I’ve never been much impressed by Mike Resnick’s work. While he has struck a few nice chords in his career, quantity seems to far outshine quality. His collaboration with Laurie Tom for Solaris Rising does not change my mind. “Mooncakes” is the story of a young woman about to embark on a generation starship, and leaving behind her family, culture, history et al proves more difficult than she’d imagined. The associated topics dealt with in perfunctory fashion, a subtler writer would have endowed this story with more humanity and poignancy. (See, for example, “Amicae Aeternum” by Ellen Klages in Reach for Infinity.) “At Play in the Fields” by Steve Rasnic Tem is a standard science fiction story with a standard moral. About a man who wakes up in the far future on alien ship, Tem nevertheless delivers the genre-familiar in a clear, readable voice. “How We Came Back From Mars (A Story That Cannot Be Told)” by Ian Watson is a fun (in the intellectual sense) story about a group of astronauts stranded on Mars. With only days of rations left, they are picked up by aliens in a flying saucer. Landing in a bizarro version of Earth, they don’t know whether they’ve arrived in a Texas Hollywood studio shooting a science fiction flick, or an alternate future, the world’s political alliances shifted radically. “You Never Know” by Pat Cadigan is a beautifully sublime story of a curio shop worker in NYC before 9-11, and were it not for Tidhar’s story, would be the best in this anthology. A security camera system installed in man’s shop one day, he contemplates the images on screen of himself, the shop, customers, and occurrences. Some things happening everyday, and some only once in a lifetime, you never know.
An idea just for the sake of an idea, “Yestermorrow” by Richard Salter is a one-off about a world where every night at midnight people are sent forward and backward in time. Moreover, everyone knows the date, time, and location of their death. Topping it all off, a serial killer is going around murdering people just before their appointed moment of death. Something for a cheap late-night production on the sci-fi channel, the story possesses nothing of merit. Another retro sf offering, “Dreaming Towers, Silent Mansions” by Jaine Fenn is the story of a group of explorers who pass through a one-way portal to a planet that superficially seems to have once been inhabited by humans. But as members of the team begin disappearing, something more seems at stake than just discovery. A rather obvious homage to Lovecraft, it only improves his style. “Eternity's Children” by Eric Brown and Keith Brooke is a broad mix of science fiction tropes. But as they are presented via character, it is a nice little story of an aged politician returning one last time to the planet which is the source of the rejuvenation medicine which has given him such a good, extended life. A bearer of bad news to the planet’s inhabitants, he finds solace in delivering his message in the last place he would have thought. All in all, a nicely executed story with some strong questions and emotions churning below the surface. “The Return of the Mutant Worms” by Peter F. Hamilton, the story closing the anthology, is a self-indulgent, self-pitying piece that is really more of an afterword than story. Surely there must be better ways to raise sf awareness than just stabs of spite.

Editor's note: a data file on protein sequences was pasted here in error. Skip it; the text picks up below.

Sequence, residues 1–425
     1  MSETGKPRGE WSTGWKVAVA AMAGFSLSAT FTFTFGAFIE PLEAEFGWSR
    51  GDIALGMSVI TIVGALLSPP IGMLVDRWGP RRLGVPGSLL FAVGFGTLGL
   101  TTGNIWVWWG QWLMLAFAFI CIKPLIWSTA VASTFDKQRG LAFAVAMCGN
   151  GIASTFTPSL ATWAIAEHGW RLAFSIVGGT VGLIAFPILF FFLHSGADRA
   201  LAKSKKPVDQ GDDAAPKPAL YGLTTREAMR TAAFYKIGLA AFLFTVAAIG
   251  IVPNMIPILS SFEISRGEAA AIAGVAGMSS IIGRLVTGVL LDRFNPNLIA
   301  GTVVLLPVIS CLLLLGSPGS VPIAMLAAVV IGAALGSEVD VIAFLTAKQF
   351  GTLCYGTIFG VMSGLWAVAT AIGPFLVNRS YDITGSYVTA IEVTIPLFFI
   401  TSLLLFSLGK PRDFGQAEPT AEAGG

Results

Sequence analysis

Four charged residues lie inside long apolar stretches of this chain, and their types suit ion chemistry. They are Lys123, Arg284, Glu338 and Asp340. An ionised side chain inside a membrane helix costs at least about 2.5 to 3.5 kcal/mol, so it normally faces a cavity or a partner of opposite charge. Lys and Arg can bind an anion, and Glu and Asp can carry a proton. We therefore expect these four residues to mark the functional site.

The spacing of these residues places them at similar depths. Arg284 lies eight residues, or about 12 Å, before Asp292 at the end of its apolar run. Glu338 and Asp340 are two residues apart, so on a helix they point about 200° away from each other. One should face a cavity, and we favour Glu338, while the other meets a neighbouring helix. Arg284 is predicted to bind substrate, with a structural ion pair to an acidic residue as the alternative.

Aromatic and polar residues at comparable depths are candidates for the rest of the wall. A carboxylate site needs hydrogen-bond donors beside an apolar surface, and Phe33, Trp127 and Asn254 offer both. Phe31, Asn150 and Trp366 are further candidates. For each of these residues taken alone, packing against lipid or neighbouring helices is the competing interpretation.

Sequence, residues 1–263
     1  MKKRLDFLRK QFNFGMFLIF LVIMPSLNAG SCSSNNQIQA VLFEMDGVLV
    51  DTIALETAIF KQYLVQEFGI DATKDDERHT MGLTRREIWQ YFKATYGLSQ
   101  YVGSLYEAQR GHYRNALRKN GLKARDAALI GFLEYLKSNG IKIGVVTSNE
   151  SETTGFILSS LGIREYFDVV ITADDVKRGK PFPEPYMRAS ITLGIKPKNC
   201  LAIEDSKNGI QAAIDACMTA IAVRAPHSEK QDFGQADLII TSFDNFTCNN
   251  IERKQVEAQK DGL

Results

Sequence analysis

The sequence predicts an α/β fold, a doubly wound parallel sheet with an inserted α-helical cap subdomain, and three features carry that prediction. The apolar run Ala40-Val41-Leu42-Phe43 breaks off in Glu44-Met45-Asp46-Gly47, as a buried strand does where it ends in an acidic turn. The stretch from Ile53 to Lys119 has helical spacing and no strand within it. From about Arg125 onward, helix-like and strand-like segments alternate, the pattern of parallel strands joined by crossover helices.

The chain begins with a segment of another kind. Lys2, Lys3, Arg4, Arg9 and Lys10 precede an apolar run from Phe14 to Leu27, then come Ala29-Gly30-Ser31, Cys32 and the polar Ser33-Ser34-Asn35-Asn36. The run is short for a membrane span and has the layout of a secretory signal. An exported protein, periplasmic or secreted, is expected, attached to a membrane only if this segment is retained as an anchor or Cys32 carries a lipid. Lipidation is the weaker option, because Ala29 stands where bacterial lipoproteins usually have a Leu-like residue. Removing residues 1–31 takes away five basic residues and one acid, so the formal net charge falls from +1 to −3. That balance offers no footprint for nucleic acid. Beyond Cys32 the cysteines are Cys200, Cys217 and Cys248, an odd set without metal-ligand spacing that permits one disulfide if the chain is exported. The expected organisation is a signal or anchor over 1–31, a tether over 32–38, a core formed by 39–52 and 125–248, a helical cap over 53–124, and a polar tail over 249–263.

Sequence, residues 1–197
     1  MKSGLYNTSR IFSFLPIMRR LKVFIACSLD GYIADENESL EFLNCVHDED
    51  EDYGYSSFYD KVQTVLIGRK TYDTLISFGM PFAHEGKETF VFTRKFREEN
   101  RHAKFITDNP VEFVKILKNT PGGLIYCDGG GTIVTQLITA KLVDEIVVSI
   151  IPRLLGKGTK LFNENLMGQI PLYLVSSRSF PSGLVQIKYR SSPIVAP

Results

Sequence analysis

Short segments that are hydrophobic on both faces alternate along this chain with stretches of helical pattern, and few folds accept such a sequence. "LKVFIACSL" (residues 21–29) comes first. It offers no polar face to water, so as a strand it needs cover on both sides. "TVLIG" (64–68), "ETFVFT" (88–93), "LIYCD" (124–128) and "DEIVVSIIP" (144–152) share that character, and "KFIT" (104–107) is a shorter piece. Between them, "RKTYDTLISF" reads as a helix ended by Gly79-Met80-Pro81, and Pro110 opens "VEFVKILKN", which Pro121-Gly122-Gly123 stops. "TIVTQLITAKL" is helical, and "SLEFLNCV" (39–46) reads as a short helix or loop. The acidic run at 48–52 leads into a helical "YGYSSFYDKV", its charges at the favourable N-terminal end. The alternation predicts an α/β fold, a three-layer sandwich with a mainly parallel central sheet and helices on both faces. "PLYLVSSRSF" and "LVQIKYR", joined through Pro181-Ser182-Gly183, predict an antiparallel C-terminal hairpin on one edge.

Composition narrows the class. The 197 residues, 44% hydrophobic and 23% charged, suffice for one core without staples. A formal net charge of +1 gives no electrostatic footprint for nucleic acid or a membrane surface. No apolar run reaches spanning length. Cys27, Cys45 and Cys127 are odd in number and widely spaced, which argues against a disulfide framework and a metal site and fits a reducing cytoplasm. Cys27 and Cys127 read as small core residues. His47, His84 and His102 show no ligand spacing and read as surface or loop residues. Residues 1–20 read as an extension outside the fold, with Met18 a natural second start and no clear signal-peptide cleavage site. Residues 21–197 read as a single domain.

In the end, in Solaris Rising Ian Whates continues the work of George Mann from the original trilogy of Solaris science fiction anthologies. From time travel to imminent asteroids, alien encounters to planetary horror, political commentary to hard and soft sf, there is indeed no theme to the selection save the genre itself. Able to avoid the monotony of many themed anthologies, it’s much easier for a potential reader to take a risk on to see how the stories stack up.
The following is the table of contents for the anthology:
“A Smart Well-Mannered Uprising of the Dead” by Ian McDonald
“The Incredible Exploding Man” by Dave Hutchinson
“Sweet Spots” by Paul Di Filippo
“The Best Science Fiction of the Year Three” by Ken MacLeod
“The One that Got Away” by Tricia Sullivan
“Rock Day” by Stephen Baxter
“Eluna” by Stephen Palmer
“Shall I Tell You the Problem with Time Travel?” by Adam Roberts
“The Lives and Deaths of Che Guevara” by Lavie Tidhar
“Steel Lake” by Jack Skillingstead
“Mooncakes” by Mike Resnick and Laurie Tom
“At Play in the Fields” by Steve Rasnic Tem
“How We Came Back From Mars (A Story That Cannot Be Told)” by Ian Watson
“You Never Know” by Pat Cadigan
“Yestermorrow” by Richard Salter
“Dreaming Towers, Silent Mansions” by Jaine Fenn
“Eternity's Children” by Eric Brown and Keith Brooke
“For the Ages” by Alastair Reynolds
“The Return of the Mutant Worms” by Peter F. Hamilton